Williamson Orchards and Vineyards, located in the heart of the Sunnyslope Wine Trail, has been family owned and operated for generations. What started off as a family homestead, is now a thriving orchard, well-known grape grower, and award-winning winery.
I sat down with Beverely Williamson to chat about her family legacy and the incredible wines Williamson Orchards & Vineyards are producing today.
As always, this interview is edited for clarity and flow.
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I’d love to hear more about the wines you make – how many are there? What are you most excited about?
I’m going to say it’s 18 different labels now. But we’re probably more proud of the growing side of things. We have about 18 different grapes too, that we grow, for ourselves and through contracts. I want to say it’s a rotating number, but it’s about 10 to 11 different wineries and winemakers that purchase our grapes, which is really nice. When you don’t have to find a use for all of the grapes you produce because grapes are actually surprisingly prolific. We’re really lucky to have so many winemakers willing to work with us and commit to three-year contracts to purchase our grapes. That keeps the lights on during the slow periods in the tasting room and then I get to have fun and dabble with marketing all the grapes and all the wine that way.
How many acres do you own?
The family farm is diverse; in total there are about 360 acres. Of that, we have 68 acres in grapes and vineyards. The rest is either in orchards or other crops.
Family farm? How long has your family been working the land here?
I’m the fourth generation. The business is currently owned and operated by my older brother, Michael Williams, myself, and our cousin Patrick. The three of us inherited it from our parents and have been running the farm since about 2012.
We grew up doing all the things. We all started by working in a packing shed when we were a full-blown fruit distributor with the orchards. Since then, we’ve done everything from working in the field to labeling bottles to shelving cases.
The family homesteaded in 1909. Lillian Williamson Gammon was our direct ancestor and she came from Virginia with her husband George. They just wanted to get out of Virginia and there were some really cool opportunities in Idaho. Are you familiar with the homestead acts?
Only very vaguely…
It was a program that the United States ran to encourage people to move out West. And so they would give away or sell at really reduced rates, property to basically get people to populate the new states. So every state did its own thing.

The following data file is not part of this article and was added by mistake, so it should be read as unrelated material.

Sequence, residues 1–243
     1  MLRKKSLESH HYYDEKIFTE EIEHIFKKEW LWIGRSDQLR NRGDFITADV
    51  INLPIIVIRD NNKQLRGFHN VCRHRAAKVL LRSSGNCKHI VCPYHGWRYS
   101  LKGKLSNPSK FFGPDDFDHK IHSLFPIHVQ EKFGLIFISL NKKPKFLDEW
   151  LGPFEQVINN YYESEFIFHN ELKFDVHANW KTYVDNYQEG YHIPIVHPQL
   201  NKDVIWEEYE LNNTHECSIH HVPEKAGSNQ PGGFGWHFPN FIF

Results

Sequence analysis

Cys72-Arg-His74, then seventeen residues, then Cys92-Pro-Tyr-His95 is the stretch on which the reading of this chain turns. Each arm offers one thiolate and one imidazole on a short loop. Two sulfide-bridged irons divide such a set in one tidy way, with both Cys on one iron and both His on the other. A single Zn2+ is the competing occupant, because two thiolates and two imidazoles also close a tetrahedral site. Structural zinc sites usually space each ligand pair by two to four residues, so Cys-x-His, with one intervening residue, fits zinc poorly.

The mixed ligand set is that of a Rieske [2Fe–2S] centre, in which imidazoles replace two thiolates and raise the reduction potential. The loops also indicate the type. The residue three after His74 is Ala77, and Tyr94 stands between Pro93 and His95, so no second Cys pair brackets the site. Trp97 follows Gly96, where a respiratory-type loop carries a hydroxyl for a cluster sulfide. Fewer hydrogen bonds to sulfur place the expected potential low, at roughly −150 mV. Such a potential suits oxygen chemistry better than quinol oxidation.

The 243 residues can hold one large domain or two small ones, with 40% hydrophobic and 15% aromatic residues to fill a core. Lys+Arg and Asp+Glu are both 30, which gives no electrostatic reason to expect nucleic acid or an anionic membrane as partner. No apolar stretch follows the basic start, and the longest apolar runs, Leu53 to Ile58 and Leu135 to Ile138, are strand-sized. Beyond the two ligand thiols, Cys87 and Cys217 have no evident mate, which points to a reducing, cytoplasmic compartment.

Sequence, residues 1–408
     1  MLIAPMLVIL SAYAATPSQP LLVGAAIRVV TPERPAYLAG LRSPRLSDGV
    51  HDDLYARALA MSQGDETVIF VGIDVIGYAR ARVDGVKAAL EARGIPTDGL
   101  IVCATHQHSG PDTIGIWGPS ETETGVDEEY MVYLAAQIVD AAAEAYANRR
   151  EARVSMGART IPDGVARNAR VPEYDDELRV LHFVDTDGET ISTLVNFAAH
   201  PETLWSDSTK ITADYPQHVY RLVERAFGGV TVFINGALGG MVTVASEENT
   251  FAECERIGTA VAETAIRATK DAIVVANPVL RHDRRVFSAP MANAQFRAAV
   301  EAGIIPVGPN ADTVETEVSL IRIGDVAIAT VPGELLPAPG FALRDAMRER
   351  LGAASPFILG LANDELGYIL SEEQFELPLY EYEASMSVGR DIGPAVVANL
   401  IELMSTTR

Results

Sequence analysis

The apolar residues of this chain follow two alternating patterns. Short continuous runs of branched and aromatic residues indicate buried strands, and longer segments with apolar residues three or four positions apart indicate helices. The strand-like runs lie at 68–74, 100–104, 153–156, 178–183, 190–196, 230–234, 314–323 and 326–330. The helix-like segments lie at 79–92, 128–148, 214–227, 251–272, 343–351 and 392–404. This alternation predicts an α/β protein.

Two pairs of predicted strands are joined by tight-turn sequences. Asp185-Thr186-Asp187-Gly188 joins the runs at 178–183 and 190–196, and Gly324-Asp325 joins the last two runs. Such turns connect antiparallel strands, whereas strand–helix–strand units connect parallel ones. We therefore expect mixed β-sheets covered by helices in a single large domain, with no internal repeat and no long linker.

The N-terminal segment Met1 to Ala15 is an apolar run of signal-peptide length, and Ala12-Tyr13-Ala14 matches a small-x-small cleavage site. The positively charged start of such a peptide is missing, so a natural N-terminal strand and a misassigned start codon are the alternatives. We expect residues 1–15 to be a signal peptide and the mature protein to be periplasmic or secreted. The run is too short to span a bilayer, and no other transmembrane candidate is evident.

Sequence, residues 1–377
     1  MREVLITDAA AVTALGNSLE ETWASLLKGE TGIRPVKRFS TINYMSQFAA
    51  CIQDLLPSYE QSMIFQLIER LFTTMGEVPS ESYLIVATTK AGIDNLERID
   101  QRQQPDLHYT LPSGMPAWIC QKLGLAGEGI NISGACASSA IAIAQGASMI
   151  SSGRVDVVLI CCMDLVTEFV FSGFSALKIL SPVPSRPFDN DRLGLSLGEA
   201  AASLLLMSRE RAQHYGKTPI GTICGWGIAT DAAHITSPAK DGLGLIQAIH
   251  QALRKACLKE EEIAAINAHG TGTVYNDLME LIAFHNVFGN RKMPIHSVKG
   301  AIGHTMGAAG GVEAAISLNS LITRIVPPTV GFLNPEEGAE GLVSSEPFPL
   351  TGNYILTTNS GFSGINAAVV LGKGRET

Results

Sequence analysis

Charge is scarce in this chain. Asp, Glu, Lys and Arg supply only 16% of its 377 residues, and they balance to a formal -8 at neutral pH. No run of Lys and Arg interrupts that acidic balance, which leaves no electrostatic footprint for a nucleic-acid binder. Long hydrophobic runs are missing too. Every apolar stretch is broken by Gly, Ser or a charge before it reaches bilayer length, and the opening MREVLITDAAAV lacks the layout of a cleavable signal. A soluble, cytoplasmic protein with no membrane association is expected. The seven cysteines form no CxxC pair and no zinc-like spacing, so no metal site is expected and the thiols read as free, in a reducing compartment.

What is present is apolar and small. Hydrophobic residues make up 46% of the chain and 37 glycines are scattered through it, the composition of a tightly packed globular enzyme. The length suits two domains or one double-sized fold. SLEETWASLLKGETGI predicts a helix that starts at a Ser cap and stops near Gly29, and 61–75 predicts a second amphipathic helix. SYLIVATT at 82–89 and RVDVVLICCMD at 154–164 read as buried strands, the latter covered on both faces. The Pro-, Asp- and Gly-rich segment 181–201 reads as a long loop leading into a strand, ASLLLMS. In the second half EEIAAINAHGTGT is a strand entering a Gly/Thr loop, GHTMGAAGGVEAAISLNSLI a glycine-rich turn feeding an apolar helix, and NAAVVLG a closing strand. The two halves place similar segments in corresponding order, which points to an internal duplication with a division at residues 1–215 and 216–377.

So in the late 1890s, early 1900s, Idaho, was a very, very young state. And when they were at that time running their version of the program where they had people who would purchase property at a super discounted rate. At that time, the 40-acre parcels were going for $200, which is like well… But that wasn’t anything to sneeze at, either. Because you know, $200 in the early 1900s is a lot of money too.
There were some stipulations — Idaho required that you would be leasing the land for the first 15 years and you had to keep the land in agriculture, you had to keep it in the family, meaning you couldn’t subdivide it and sell it. You had to keep it, keep it in agriculture, keep it in the family, and you had to do so 15 years. And if you follow through with that, then you got the deed, you got the title to the ground. And so Lily and George heard about this and like, yeah, that’s what we’re gonna go. It’s a good deal.
That’s incredible. So when it did become a winery? I assume they didn’t set out to grow grapes here!
Yes, so that’s where we originated from. Now we are a century farm. We got that in 2009 and had quite a big celebration.
Since then, we’ve obviously gone in a different direction from what Lily and George did with a farm. We started as a full-blown homestead where they had a little bit of everything.
There is a long history that goes with the farm that involves a lot of other characters too. And I won’t go into super detail because it gets confusing…. But I will say that Lillian had a younger brother, Henry, who came out and essentially saved the farm and he was pretty important. And then my direct descendant would be their nephew. Another brother’s son, Jacqueline’s, and he’s my grandfather, and he came out from Virginia after World War Two, and he is the one who kind of got us to this point where we’re at now.